For those peptides that were directly isolated from T. kiharae seeds (Tk-AMP-X1, Tk-AMP-X2, Tk-AMP-X3, Tk-AMP-G6 and Tk-AMP-G7), the cleavage sites could be predicted reliably. Other sites are putative, and they were suggested as a result of the cleavage specificities of known enzymes, with most data originating from animals. We used the comprehensive MEROPS database [27] to identify target sequences of known proteases. Besides these general considerations, we acquired the total mass spectrum of T. kiharae seed extract, and performed a search for masses that matched the masses of the predicted mature peptides with high accuracy. The results of such analysis for long precursors are given in Table S2. Interestingly, length variants are detected in the seed extract for most peptides, which may result from carboxypeptidase activity. The structure and putative processing of Tk-AMP-X2 L-2 precursor are shown schematically in Fig. 3B, and the summarized data for all precursors are presented in Table S3.

Structure of T. kiharae Tk-AMP-X genes

In addition to cDNA cloning, genomic DNA encoding Tk-AMP-X precursors was isolated. For Tk-AMP-X gene cloning, T. kiharae genomic DNA was PCR amplified, with primers 5e3 and 5r used for full-length cDNA cloning (Table S1). PCR fragments of approximately 850 and 1100 bp were generated and sequenced. The obtained sequences matched precisely the cDNA sequences. Accordingly, the protein-coding regions of Tk-AMP-X peptide genes encoding long and short precursors have no introns. Together with S- and L- type precursor genes, a gene for a precursor with six peptide domains named M-type precursor (M for ‘medium-sized’) was found (Fig. 4B). The putative processing sites in the M-type precursor were predicted on the basis of the same considerations as those used for S- and L-type precursors. It should be noted that the M-type precursor was not found during PCR amplification from cDNA. This may be a result of this gene not being expressed in immature seeds.

Tk-AMP-X family comprises seven groups of structurally related peptides

Amino acid sequence alignment of S-, L- and M-type precursors is shown in Fig. S3. Some regions of different precursors are seen to exhibit high sequence similarity. Thus, in the L-1 precursor, the second peptide domain exhibits high sequence similarity to the second peptide domain in S-3 and S-4 precursors, whereas the seventh peptide domain is homologous to the fifth peptide in S-2 and S-3. In the M-1 precursor, the first peptide domain exhibits sequence similarity to the first peptide domain of the S-4 precursor, whereas the second peptide domain is structurally homologous to the second peptide domain both in S-1 and S-2 precursors. In general, L-type precursors differ from S-type precursors by the presence of two additional peptide domains (the fifth and sixth), and from M-type precursors by the presence of the sixth peptide domain. If we number peptide domains in L-type precursors from 1 to 7, its peptide composition may be presented as 1-2-3-4-5-6-7; in M-type precursors: 1-2-3-4-5-7, in S-type precursors: 1-2-3-4-7 (Fig. 3A).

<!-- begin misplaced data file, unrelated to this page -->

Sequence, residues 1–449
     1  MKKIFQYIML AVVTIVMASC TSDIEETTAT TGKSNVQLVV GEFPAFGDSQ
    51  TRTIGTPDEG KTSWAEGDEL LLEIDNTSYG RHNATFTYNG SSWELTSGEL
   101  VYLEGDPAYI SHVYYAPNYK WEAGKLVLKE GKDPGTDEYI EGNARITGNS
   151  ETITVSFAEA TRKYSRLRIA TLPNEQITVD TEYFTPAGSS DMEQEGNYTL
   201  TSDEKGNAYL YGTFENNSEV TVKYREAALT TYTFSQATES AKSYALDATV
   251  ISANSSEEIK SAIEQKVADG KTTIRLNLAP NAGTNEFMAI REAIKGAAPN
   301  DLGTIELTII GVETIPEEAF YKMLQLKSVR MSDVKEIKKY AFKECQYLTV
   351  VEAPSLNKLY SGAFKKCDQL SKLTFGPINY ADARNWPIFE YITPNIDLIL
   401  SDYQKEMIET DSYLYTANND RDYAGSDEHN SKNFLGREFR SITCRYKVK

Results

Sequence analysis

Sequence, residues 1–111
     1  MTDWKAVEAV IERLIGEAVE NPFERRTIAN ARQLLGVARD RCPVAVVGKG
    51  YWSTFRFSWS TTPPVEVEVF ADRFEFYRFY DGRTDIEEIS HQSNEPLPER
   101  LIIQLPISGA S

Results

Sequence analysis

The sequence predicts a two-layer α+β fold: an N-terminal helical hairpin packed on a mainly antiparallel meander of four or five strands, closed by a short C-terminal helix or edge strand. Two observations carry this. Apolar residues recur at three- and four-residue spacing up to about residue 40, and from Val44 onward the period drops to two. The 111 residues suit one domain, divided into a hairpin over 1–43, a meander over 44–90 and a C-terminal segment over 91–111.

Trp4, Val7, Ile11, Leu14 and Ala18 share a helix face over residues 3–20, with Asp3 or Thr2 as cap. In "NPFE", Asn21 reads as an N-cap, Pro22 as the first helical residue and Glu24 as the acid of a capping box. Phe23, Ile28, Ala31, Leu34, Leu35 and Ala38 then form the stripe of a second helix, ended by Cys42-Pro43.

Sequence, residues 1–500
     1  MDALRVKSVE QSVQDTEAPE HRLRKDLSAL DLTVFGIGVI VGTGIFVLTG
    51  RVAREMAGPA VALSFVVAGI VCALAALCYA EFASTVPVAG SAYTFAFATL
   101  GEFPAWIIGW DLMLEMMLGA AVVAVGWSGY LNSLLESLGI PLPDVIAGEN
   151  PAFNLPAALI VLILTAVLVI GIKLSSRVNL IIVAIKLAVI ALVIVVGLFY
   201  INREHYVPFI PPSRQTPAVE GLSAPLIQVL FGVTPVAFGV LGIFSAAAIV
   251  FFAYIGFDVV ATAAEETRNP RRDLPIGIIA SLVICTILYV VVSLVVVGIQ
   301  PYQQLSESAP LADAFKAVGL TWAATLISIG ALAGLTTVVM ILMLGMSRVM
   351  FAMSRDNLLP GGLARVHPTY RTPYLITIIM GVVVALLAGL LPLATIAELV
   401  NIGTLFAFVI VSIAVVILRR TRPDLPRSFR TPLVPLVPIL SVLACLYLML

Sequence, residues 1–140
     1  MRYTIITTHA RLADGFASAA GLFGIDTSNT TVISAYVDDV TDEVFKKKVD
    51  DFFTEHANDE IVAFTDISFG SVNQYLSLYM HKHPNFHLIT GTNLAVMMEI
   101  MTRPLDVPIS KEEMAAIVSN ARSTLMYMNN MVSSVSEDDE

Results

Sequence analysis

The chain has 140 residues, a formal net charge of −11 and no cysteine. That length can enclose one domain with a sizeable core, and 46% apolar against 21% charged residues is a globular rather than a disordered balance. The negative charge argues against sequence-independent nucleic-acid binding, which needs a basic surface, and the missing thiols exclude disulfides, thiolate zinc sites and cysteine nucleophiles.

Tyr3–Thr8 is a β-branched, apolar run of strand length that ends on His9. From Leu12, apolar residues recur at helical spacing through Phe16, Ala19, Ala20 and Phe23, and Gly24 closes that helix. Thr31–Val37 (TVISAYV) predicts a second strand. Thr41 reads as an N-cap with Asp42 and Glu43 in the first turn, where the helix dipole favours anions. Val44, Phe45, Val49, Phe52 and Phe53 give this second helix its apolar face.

The deduced sequences of α-hairpinins derived from all three types of precursor proteins (S-, L- and M-) allocate into seven groups of closely-related peptides. Their main characteristics are shown in Table 2. Most peptides are positively charged, except for group 2 peptides and selected peptides from group 1. Sequence similarity within each group is very high (76–100%) but, between the groups, it is rather low. In general, each group comprises members of a particular peptide domain. The exceptions are the second peptide domain, which forms two groups of homologous peptides, and domains 5 and 6 in long precursors, which are extremely similar and form single group of closely-related peptides. The last peptide domain in all precursors (domain 5 in short, domain 6 in medium and domain 7 in long precursors) also consists of closely-related peptides, which fall into one group.

Table 2. Main characteristics of peptides predicted from Tk-AMP-X precursor sequences. Peptides are designated as: S, M or L, short, medium or long precursor; the first number indicates the sequence number; and the second number is the number of the peptide domain in the precursor from the NH2- to the COOH-terminus. In the consensus sequence, ‘X’ is any amino acid; ‘−’ represents negatively–charged residues; ‘+’ represents positively-charged residues; cysteines forming a typical 4-Cys motif are indicated by inverted text